• Steve Trevethan 14th May '18 - 7:16pm

    “For globalisation to work, America can’t be afraid to act like the mighty superpower that it is. The hidden hand of the market will never work withou a hidden fist. McDonald’s cannot flourish withou McDonnell Douglas, — and the hidden fist that keeps the world safe for Silicon Valleys technology is called the U.S. Army, Air Force and Marine Corps.”
    (Thomas Friedman: New York Times 1998)

  • @ Tim Hill

    Yes, indeed 4 out of 28, silly of me to forget.
    Ian Wrigglesworth’s seat was Thornaby until 1983 and Stockton South between 1983-87. Bob Maclennan’s seat of Caithness and Sutherland was special in the sense that we held the seat 1964-66 and were second until October 1974. John Cartwright was MP for Woolwich East 1974-83 and then for Woolwich. He nearly held his seat in 1992. David Owen’s seat seems to have remained unchanged.

    Dick Taverne – a stunning by-election victory in 1973 and as you say held in February 1974, but lost in the October (but only by 984).

  • Sadie smith 14th May '18 - 8:18pm

    Listen to Ian Shires.
    There are problems. In many places Labour will never Vote with anyone else. So today’s three party event in useful.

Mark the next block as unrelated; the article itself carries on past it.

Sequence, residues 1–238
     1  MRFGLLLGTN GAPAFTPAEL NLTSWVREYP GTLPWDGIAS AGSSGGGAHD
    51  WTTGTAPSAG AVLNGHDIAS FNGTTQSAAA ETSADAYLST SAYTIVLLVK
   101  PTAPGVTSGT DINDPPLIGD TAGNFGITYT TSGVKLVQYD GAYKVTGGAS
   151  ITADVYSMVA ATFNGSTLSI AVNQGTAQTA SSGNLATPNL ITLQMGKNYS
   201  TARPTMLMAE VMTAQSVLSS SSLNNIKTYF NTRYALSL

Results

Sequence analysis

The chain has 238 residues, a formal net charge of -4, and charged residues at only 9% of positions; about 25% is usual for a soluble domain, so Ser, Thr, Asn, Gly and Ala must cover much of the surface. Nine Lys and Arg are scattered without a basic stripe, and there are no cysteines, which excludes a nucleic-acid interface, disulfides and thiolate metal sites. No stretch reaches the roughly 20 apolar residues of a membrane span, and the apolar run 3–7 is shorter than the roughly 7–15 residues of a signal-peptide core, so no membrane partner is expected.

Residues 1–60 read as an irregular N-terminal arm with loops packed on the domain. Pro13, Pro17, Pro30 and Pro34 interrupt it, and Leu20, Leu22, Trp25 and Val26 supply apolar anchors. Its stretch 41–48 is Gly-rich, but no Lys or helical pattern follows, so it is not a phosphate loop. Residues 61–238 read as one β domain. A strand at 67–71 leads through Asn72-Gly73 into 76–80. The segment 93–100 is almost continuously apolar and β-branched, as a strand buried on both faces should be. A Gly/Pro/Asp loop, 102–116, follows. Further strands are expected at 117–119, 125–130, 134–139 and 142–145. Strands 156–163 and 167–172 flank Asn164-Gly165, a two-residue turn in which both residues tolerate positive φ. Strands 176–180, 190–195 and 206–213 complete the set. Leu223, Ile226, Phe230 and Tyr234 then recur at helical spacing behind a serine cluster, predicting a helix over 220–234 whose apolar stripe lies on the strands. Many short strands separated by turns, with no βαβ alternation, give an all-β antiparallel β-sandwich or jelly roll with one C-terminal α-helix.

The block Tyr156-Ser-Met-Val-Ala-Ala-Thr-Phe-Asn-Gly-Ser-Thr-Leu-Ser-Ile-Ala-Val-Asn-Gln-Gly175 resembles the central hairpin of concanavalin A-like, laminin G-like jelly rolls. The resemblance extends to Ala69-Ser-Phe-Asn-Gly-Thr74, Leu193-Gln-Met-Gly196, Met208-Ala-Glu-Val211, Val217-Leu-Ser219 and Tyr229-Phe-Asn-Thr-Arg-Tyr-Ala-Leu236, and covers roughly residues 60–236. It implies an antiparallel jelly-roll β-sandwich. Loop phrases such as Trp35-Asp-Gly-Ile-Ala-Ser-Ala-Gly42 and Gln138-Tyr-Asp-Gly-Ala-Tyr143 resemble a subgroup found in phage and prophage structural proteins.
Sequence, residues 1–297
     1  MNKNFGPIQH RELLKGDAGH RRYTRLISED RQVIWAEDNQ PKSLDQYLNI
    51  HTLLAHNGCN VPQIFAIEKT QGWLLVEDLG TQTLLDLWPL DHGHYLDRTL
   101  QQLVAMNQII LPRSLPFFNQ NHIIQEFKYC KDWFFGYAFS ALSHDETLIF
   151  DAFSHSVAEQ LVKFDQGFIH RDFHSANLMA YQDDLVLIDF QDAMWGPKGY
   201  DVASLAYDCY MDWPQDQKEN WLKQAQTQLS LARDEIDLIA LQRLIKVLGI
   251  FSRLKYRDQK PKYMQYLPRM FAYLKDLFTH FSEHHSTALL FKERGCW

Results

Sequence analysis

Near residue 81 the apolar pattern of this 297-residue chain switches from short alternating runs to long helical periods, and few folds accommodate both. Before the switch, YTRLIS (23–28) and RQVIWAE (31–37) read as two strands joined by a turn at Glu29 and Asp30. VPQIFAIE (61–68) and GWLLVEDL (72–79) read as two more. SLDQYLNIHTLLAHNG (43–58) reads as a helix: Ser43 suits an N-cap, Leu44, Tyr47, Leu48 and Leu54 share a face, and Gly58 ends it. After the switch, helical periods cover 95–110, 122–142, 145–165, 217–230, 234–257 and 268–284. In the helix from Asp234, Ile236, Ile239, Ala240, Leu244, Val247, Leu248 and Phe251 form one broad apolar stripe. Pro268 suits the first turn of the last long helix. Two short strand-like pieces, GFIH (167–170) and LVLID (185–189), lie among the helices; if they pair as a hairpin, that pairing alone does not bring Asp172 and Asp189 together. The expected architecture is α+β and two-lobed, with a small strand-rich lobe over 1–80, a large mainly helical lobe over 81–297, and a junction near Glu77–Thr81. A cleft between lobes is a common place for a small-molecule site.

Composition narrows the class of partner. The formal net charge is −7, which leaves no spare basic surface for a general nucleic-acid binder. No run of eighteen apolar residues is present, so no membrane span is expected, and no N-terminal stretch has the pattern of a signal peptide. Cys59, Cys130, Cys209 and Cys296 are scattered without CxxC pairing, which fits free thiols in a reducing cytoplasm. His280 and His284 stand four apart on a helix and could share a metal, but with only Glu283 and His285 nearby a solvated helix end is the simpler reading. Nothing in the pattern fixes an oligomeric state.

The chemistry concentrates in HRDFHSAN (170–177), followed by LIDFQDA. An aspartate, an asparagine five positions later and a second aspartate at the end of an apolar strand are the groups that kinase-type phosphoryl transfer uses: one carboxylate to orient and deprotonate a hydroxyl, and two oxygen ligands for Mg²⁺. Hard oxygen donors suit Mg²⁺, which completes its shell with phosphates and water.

We have all Party Health policy which Norman Lamb pushed.
    There will be other areas of agreement to push.
    But we also need distinctive ideas and we may well get these. It will take time. One of the dangers is that the economy gets wrecked before we get back to radical ideas. Hence emphasis on Brexit.

  • Mark Blackburn 14th May '18 - 9:02pm

    Our 2010 manifesto did not espouse austerity, far from it. But the leadership were never really in sync with that, and the Coalition was a good excuse to ditch an anti-austerity approach. I remember having a ‘discussion’ with Messrs Clegg and Alexander about a ‘balanced recovery’; frankly, they were wrong and time proved that. Many of us fought against austerity during the Coalition and we’ll go on fighting it now.

  • John Roffey 14th May '18 - 9:27pm

    I do find that I am troubled by the, almost, global aim of prosperity by political parties at a time when climate change is the most threatening issue faced by the [increasingly unhappy] young – assuming a nuclear war is avoided.

    Prosperity is understood to entail the use of energy [presently mostly from fossil fuels] and a finite supply of minerals. It seems to me that policies that can interrupt this model would be well received.

    An example of this might be to introduce taxes that discouraged the production of new commodities and encouraged the repair of existing items. This would have the additional value of providing jobs that are not easily automated – thereby likely to preserve jobs as well as reducing waste along with undermining the ever increasing power of the global corporations.

    The motor industry is where this is best demonstrated – but would also apply to others.